Spending more on education is not the answer

I have tons of friends (actually just 4, but doesn’t have the same effect does it?) who think that the way to solve the education problem of India is to spend more on it. They are well intentioned, but that’s all they are because that statement is simply not true.

Let me step back for a second and clearly define what I mean by the education problem of India. It is the low level of learning among students- simple things like reading and arithmetic. For example, more than 50% of students in Grade 5 cannot read a Grade 2 text or solve a simple subtraction problem.

Why is spending more not the solution? Because spending is typically directed to more of the same inputs like building more schools upgrading school infrastructure, more teacher training, increasing teacher salaries etc. But research shows that most of such interventions are not effective at improving learning outcomes.

Lant Pritchett writes:

Interestingly, Indonesia — the host country of the World Bank meetings where the HCI was launched — clearly illustrates both of these points: that “more only” cannot work and “spending ain’t investment.” A recent study used household surveys to compare the ability of recent cohorts of youth 18 to 24 years old to do simple arithmetic between 2000 and 2014. They find that the percent of youth who had completed senior secondary school increased by 20 percentage points — so a massive dose of “more.” Data also shows that during this period, spending on education tripled. So Indonesia clearly spent more. But the percent of arithmetic questions that youth could answer increased only from 31.2 to 31.4 percent.

And in India, between 2007 and 2011, the government increased expenditure on elementary education by 80 percent, but average learning outcomes reported by ASER surveys have slightly declined.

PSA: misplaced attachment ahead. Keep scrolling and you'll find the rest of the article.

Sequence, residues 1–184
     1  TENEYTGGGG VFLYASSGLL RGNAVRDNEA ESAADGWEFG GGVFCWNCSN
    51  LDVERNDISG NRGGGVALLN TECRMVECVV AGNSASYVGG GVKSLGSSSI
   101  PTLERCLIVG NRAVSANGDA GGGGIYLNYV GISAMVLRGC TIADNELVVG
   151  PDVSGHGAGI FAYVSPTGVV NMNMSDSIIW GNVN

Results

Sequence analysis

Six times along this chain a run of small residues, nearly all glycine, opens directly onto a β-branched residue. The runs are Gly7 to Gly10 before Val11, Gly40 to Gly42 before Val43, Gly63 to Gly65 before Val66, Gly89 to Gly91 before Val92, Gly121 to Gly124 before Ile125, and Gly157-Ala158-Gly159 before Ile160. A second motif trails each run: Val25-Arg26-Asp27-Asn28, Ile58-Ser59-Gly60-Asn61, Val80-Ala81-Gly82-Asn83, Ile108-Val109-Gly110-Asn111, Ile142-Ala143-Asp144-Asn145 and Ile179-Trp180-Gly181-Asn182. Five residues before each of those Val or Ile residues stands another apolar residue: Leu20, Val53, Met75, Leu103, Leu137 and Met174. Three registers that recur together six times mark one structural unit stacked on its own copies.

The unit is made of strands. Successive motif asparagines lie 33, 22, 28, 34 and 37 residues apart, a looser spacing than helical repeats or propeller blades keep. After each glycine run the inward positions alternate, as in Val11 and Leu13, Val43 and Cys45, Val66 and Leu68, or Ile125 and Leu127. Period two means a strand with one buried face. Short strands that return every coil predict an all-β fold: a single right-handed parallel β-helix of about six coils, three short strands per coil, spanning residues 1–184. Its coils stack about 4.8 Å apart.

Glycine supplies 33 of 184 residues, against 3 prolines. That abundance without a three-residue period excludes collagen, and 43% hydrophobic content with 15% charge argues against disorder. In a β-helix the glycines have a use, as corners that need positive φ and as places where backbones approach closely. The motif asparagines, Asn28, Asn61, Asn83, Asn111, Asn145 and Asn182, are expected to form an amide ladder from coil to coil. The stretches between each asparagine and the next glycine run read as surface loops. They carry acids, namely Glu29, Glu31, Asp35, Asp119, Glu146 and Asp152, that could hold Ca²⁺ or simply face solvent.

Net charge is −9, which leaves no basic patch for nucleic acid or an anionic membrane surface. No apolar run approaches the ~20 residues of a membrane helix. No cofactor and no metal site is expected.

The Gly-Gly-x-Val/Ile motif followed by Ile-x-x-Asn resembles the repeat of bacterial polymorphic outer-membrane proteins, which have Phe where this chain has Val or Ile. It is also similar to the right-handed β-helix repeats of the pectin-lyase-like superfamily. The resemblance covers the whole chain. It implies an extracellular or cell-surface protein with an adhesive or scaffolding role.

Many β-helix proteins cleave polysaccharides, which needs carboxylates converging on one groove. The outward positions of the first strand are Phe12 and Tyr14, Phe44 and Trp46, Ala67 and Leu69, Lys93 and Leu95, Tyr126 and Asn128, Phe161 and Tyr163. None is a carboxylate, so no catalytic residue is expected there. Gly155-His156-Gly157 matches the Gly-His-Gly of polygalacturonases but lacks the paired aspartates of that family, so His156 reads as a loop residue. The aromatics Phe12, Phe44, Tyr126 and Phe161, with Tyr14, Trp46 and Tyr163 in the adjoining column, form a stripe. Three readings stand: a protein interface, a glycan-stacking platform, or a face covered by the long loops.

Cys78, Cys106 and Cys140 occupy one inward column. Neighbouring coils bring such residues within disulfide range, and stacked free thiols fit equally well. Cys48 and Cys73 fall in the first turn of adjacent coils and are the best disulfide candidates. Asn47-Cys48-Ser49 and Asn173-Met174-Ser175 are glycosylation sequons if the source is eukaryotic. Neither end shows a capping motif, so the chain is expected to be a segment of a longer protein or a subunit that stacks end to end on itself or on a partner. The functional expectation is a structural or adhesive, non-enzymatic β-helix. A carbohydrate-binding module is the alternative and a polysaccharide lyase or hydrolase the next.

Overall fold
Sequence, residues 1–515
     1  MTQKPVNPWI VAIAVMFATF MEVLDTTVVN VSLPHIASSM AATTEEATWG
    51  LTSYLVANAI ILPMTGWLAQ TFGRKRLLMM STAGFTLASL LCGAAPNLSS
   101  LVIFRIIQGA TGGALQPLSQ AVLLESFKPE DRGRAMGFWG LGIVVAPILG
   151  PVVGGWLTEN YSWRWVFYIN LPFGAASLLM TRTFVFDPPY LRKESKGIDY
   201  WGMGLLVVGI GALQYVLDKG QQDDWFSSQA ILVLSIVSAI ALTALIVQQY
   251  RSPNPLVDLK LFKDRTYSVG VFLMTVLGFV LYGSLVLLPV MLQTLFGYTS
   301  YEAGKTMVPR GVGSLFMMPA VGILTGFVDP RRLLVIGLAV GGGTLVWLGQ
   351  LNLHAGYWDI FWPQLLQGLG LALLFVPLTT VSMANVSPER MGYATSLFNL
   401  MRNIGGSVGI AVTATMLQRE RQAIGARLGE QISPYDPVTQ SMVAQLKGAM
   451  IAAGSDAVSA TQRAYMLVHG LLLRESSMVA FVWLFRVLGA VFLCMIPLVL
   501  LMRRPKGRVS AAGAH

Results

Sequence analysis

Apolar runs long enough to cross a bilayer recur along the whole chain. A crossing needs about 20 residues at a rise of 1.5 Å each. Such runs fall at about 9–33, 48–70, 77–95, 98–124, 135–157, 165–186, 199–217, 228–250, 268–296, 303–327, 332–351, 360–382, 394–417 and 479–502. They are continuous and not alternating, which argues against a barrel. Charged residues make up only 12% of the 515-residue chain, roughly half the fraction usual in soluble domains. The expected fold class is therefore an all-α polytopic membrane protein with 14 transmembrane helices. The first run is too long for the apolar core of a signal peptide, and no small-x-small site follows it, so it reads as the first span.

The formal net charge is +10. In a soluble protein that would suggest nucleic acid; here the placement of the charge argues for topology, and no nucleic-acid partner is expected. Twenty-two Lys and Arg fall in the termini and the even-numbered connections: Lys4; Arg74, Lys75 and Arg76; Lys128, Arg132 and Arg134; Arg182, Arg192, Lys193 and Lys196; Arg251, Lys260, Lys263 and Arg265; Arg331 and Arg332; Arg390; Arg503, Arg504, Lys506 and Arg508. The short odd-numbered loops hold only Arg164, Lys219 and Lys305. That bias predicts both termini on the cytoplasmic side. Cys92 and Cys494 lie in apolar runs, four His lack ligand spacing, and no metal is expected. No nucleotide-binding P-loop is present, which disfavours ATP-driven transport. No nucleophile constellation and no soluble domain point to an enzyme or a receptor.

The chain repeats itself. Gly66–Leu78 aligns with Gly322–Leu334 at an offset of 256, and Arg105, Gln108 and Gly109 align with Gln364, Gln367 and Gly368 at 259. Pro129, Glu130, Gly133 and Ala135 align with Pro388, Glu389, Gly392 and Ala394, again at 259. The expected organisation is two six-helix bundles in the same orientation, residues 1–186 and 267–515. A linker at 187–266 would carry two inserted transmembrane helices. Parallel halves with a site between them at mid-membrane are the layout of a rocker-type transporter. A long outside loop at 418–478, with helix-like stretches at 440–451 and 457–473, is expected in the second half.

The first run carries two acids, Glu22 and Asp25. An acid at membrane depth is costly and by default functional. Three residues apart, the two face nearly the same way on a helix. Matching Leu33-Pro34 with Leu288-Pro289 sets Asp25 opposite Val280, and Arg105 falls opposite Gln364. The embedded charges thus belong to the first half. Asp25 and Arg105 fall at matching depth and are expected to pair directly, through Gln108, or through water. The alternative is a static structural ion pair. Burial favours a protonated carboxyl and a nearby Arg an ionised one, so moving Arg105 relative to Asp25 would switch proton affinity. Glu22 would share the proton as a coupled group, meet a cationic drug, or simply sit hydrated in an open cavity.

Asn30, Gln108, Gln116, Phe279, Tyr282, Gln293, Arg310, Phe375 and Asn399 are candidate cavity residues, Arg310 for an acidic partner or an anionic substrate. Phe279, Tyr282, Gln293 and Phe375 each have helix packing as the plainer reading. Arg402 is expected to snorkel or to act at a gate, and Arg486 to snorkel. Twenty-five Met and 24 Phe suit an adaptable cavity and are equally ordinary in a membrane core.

So it matters how you spend the money. Possible suggestions for primary and secondary education are Pratham’s flagship TaRL (teach at the right level) remedial coaching given to students according to their existing level of learning, and performance pay for teachers among others.

More generally, governments (and my four AAP supporting friends) need to shift focus from outputs (more schools better infrastructure, more teachers, more books, more “digital classrooms”) to outcomes (% of students who can do carry over subtraction, % of students who can read at grade level).

At the very least, every time you see a tweet by Kejriwal showcasing a swanky new government school classroom, resist the urge of re-tweeting.

Note: Thanks to Sabareesh Ramachandran for pointing out that we only have evidence that improving school infrastructure (and inputs in general) on the margin has little effect on learning outcomes in the short run.

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